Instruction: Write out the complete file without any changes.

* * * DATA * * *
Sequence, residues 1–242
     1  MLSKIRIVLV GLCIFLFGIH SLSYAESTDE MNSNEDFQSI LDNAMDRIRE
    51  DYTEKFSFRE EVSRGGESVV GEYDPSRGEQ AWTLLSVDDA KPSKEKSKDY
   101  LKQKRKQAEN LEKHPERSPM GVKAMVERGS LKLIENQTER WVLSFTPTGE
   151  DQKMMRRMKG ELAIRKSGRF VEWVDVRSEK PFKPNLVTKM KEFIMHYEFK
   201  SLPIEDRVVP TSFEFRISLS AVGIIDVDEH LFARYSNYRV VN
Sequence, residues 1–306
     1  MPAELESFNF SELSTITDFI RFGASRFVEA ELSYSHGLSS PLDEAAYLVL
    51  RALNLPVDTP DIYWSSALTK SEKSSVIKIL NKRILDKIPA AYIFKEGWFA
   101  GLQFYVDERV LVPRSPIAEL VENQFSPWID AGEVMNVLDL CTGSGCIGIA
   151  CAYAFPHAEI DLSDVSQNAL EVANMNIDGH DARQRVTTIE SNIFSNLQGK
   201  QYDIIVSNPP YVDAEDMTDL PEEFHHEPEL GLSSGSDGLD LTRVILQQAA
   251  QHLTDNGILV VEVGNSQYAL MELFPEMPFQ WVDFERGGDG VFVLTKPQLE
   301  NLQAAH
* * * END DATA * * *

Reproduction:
Sequence, residues 1–242
     1  MLSKIRIVLV GLCIFLFGIH SLSYAESTDE MNSNEDFQSI LDNAMDRIRE
    51  DYTEKFSFRE EVSRGGESVV GEYDPSRGEQ AWTLLSVDDA KPSKEKSKDY
   101  LKQKRKQAEN LEKHPERSPM GVKAMVERGS LKLIENQTER WVLSFTPTGE
   151  DQKMMRRMKG ELAIRKSGRF VEWVDVRSEK PFKPNLVTKM KEFIMHYEFK
   201  SLPIEDRVVP TSFEFRISLS AVGIIDVDEH LFARYSNYRV VN
Sequence, residues 1–306
     1  MPAELESFNF SELSTITDFI RFGASRFVEA ELSYSHGLSS PLDEAAYLVL
    51  RALNLPVDTP DIYWSSALTK SEKSSVIKIL NKRILDKIPA AYIFKEGWFA
   101  GLQFYVDERV LVPRSPIAEL VENQFSPWID AGEVMNVLDL CTGSGCIGIA
   151  CAYAFPHAEI DLSDVSQNAL EVANMNIDGH DARQRVTTIE SNIFSNLQGK
   201  QYDIIVSNPP YVDAEDMTDL PEEFHHEPEL GLSSGSDGLD LTRVILQQAA
   251  QHLTDNGILV VEVGNSQYAL MELFPEMPFQ WVDFERGGDG VFVLTKPQLE
   301  NLQAAH